• Post category:Movies
  • Post last modified:July 7, 2020

Last Black Man in San Francisco: A Concerned Love Letter


There’s a key scene in this film where the leading character, Jimmie Fails, is sitting on a bus in San Francisco listening to two young women (one of them played by Thora Birch) saying bad things about the city. Jimmie tells them that you don’t get to hate San Francisco unless you love it. The women frown, but we can tell that Birch’s character sort of understands what Jimmie is saying. That’s exactly my sentiment. The Last Black Man in San Francisco is a love letter to San Francisco that can’t stop pointing out its flaws – but also makes another very important point: don’t get trapped in the past.

Sneaking around a pretty Victorian house
When we first meet Jimmie and his buddy Mont Allen (Jonathan Majors), they look very suspicious indeed. Two young, Black men sneaking around a pretty Victorian house in the Fillmore District. The filmmakers are only having fun with our prejudices though; it turns out these men are interested in taking care of the house in ways that the current tenants are not. Since no one’s painting the windows or looking after the garden, Jimmie and Mont are stepping up. The tenants don’t like it and beg them to stop, but Jimmie in particular doesn’t care to listen.

The house used to belong to his grandfather who built it in 1946; the bond cannot be broken. Jimmie is currently living at Mont’s place, together with his friend’s blind grandfather (Danny Glover). The relationship with his own father is not good. When the tenants who live in the Fillmore house are forced to move out, Jimmie and Mont quickly occupy it and treat it as their home… but it’s never that easy, of course.

Inspired by Jimmie Fails’s life
This film has roots in San Francisco as thick as those of a redwood tree. Jimmie Fails essentially plays himself, or a version of himself, and the story dates back to when he and director Joe Talbot were teenagers, dreaming of making movies one day. They came up with the story for this film at that time, partly inspired by Fails’s life. Eventually, they reached out to Barry Jenkins whose first film was shot in San Francisco. He had valuable advice for the two youngsters and helped them get started. A successful Kickstarter campaign helped Fails and Talbot fund the movie and it was picked up for distribution at the Sundance festival.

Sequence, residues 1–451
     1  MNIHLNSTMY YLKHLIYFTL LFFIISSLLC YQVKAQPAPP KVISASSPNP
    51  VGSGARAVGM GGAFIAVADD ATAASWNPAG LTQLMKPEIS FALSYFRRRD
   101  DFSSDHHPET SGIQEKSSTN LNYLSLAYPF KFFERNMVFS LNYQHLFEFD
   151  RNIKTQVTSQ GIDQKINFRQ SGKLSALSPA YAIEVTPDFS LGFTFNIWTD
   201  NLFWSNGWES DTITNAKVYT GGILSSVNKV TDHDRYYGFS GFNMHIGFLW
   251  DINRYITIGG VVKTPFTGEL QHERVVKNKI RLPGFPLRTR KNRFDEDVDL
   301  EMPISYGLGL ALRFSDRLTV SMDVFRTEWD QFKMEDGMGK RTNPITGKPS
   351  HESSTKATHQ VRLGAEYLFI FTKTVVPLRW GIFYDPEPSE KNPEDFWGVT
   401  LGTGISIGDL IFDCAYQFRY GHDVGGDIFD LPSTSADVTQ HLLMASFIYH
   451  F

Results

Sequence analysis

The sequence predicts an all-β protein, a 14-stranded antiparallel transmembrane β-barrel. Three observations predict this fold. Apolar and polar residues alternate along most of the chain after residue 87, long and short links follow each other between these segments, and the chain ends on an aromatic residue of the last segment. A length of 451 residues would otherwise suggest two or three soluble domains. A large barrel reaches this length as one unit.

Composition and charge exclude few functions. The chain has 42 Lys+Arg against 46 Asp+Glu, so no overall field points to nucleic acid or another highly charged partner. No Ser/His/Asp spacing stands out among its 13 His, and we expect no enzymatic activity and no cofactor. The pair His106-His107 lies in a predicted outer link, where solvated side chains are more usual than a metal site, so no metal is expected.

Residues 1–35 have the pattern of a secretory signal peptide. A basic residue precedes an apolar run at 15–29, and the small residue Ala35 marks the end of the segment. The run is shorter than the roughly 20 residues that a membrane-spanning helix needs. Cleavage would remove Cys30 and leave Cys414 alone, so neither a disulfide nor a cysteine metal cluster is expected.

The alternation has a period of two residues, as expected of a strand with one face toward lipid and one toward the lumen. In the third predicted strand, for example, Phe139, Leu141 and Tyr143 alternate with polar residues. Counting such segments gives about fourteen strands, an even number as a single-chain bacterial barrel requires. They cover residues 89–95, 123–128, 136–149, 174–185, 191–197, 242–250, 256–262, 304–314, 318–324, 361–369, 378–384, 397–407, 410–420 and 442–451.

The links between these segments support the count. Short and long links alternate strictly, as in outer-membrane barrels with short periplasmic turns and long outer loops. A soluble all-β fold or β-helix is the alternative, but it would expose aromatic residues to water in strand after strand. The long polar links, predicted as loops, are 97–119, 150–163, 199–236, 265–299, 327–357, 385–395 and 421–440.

That’s a shortened, very simplified description of the process, but it’s hard not to be impressed right from the first shot of the film – this doesn’t look like an unpolished gem, but the work of a very mature filmmaker. The Last Black Man in San Francisco has a lot of issues to address. The film is clearly concerned about the downside to gentrification, the loss of a house’s, a neighborhood’s, or even a city’s soul, to ignorant young people who are making far too much money in Silicon Valley for their own good. At the same time, as we learn the truth about the Fillmore house and Jimmie, it is obvious that there is a danger in not looking ahead to your next chapter in life.

Movingly, Mont is using his talent for the theater and drama to make Jimmie see the light, but it’s also what he employs when the macho culture that’s poisoning young African-American men also threatens him. This sensitive side, evident in Jenkins’s Moonlight (2016), also shows in the film’s treatment of a familiar phenomenon, the absent father.

It’s an engaging film, irresistibly sweet, with a poetic touch. It is also visually arresting throughout, cinematographer Adam Newport-Berra’s camera capturing the streets, people and changing climate of San Francisco in unforgettable ways.

The Last Black Man in San Francisco 2019-U.S. 121 min. Color. Produced by Dede Gardner, Jeremy Kleiner, Joe Talbot, Khaliah Neal, Christina Oh. Directed by Joe Talbot. Screenplay: Joe Talbot, Rob Richert. Cinematography: Adam Newport-Berra. Cast: Jimmie Fails, Jonathan Majors (Montgomery ”Mont” Allen), Danny Glover (Grandpa Allen), Tichina Arnold, Rob Morgan, Mike Epps… Thora Birch.

Trivia: Co-executive produced by Brad Pitt.

Last word: “Obviously, our experiences are different: His parents are white, and my family is black. He was around. It wasn’t like he had to come in and study the black community. He was already there. A lot of his friends were black. We all knew about everyone’s culture growing up in San Francisco, but not so much anymore because it’s changed so much. He’s also very well educated on San Francisco. His dad wrote a book called ‘Season of the Witch’ that tells a lot of the black history that is important and central to San Francisco. He’s telling his friend’s story, and he’s black. I totally get the question, but we’ve known each other for so long that I can’t imagine anyone else telling the story.” (Fails on Talbot, Slant)



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